This morning, Unifor’s National President, Jerry Dias and Travis Hester, President and Managing Director of GM Canada, made an announcement about operations in Oshawa. This follows months of hand-wringing and table-thumping after General Motors announced the facility in that community would not be allocated a new product to build.
Today’s announcement centered on GM’s new commitment to invest about $170 million to convert the Oshawa Assembly plant to one focused on stamping, related sub-assembly, and other miscellaneous activities for GM and other auto industry customers. The move is expected to retain 300 Oshawa jobs with the potential to grow and generate significant additional jobs in the coming years, as the business attracts new customers.
Donning a pair of glasses, Hester began the press conference by speaking of “positive and proactive discussions” with Unifor and its leadership. There is no change in the plans for vehicle allocation, so production will cease in December of this year. Following a transition period, the plant will pivot to its new role as what was described by Dias in the news conference as an “aftermarket facility”.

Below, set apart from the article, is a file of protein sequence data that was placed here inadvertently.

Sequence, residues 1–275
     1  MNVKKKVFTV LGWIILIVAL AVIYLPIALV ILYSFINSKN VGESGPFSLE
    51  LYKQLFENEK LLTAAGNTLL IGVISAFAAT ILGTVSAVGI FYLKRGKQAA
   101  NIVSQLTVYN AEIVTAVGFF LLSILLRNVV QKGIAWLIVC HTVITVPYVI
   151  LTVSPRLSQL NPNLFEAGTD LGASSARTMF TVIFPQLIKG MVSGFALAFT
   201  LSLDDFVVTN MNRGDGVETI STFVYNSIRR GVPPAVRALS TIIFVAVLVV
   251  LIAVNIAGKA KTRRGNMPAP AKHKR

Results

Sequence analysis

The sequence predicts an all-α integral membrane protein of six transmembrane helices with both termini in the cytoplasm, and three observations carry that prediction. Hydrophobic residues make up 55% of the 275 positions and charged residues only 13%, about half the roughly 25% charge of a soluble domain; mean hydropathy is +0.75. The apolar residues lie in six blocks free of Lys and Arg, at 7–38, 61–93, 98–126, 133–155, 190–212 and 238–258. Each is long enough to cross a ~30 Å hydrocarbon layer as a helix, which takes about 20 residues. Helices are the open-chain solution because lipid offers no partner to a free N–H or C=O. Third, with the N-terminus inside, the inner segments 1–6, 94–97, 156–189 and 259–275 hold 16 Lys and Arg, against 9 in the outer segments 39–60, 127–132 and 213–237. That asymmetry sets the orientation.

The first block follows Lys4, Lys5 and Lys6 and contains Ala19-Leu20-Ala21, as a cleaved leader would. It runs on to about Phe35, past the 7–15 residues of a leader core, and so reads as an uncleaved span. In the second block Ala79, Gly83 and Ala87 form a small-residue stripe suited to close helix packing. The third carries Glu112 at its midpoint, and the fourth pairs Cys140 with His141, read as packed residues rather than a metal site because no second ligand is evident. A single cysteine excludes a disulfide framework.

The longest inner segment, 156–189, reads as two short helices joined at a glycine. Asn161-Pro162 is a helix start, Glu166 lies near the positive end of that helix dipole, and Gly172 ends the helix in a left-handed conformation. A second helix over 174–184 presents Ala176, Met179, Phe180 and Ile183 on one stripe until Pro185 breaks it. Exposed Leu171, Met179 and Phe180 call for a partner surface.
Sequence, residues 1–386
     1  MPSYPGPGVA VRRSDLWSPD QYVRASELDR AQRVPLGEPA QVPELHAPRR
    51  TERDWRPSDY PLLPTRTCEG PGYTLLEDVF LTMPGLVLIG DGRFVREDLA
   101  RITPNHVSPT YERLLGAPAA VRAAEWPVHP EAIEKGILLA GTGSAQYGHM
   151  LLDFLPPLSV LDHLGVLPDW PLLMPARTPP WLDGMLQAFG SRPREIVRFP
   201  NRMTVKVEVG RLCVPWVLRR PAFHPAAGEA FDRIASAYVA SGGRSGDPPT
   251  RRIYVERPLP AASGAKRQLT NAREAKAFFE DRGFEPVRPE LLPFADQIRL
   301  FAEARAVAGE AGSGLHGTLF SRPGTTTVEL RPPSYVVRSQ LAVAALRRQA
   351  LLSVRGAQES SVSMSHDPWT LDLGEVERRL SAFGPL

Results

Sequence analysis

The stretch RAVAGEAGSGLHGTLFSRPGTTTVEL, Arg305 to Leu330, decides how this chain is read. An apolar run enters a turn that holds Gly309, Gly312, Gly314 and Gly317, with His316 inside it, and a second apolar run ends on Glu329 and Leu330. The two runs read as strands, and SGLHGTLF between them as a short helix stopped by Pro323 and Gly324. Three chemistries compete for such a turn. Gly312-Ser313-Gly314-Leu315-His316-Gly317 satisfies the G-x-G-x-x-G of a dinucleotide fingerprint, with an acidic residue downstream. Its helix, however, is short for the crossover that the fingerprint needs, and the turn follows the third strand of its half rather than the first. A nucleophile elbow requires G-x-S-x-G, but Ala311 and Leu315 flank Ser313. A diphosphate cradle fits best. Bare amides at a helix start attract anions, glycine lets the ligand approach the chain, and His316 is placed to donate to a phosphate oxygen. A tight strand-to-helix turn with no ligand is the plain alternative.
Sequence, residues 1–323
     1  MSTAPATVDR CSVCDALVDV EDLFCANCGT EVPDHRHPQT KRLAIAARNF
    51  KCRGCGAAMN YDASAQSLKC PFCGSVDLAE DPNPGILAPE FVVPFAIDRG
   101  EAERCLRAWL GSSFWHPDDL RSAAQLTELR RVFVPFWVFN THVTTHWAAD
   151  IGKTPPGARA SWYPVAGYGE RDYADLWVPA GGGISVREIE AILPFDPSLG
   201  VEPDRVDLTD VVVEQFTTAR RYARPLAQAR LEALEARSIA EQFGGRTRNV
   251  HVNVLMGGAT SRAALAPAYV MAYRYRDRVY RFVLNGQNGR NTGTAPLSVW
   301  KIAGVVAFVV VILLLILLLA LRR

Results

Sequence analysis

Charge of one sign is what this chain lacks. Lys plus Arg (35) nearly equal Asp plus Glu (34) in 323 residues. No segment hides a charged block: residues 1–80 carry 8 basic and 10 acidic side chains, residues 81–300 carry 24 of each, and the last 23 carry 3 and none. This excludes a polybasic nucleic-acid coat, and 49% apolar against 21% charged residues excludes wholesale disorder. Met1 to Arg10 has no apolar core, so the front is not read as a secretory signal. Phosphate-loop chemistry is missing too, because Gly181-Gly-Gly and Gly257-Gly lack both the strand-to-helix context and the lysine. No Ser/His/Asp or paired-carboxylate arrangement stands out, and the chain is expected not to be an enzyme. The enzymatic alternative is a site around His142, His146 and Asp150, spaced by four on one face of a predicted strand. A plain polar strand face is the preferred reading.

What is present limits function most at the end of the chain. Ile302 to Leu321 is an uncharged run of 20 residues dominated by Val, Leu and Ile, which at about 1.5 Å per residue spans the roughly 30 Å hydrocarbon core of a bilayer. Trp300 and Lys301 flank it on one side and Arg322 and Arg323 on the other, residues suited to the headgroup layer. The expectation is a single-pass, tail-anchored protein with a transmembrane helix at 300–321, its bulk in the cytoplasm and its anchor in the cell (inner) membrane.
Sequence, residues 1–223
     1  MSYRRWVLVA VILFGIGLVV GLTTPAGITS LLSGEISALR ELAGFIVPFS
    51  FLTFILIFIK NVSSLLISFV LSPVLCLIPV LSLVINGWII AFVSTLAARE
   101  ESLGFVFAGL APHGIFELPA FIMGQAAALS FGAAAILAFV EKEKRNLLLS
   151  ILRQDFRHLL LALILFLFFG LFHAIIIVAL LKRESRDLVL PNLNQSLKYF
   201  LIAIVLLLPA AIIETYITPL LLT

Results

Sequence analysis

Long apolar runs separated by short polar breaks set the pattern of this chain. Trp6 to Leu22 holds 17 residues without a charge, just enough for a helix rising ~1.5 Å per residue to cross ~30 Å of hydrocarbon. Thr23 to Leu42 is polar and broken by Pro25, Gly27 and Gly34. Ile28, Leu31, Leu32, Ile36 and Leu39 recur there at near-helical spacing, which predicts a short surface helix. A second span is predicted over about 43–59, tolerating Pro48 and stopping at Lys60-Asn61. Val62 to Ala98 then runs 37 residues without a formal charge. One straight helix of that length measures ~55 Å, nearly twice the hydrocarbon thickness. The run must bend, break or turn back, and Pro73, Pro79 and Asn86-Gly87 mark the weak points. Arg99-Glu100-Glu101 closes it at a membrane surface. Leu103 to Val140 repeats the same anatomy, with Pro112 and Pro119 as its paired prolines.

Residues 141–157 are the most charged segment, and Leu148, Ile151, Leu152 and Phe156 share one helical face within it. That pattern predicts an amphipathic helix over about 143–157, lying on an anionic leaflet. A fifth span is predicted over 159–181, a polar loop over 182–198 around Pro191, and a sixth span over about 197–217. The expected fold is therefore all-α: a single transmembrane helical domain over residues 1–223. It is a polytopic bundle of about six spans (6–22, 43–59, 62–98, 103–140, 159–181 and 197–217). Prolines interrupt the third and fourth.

GM was careful to make the point that every penny of this $170 million investment comes from their own coffers and not from any form of government assistance. The company will also convert 55 acres of land into an into a test track for autonomous and advanced technology vehicles – further expanding the capability of GM’s Canadian Technical Centre (CTC) in Ontario.
Two phrases were consistently slung around like rice at a wedding during the presser: “maintaining the footprint” and “maintaining the integrity of manufacturing” in Oshawa. Dias was quick to note that these moves announced today puts a good foot forward and “makes the best” out of the current situation. He said this plan is one which creates the first ever aftermarket facility for GM vehicles, one which will stamp the likes of doors, hoods, trunks, and other body panels. It wasn’t immediately clear for what vehicles this stamping will be performed but Dias mentioned the Traverse and Equinox. Those could have just been off-the-cuff examples.
The big takeaway from all this could be a statement made by Hester in response to a media question, one in which he said the Oshawa plant is “not a vehicle assembly centre.” Reading between the lines, it certainly sounds like it’ll take a minor miracle to see a completed vehicle roll out of Oshawa again. Dias did make the good point that GM’s Springhill plant was once in a similar situation as Oshawa but now makes SUVs. By keeping the lights on in Oshawa, however dim they may be, a footprint is maintained for potential future growth.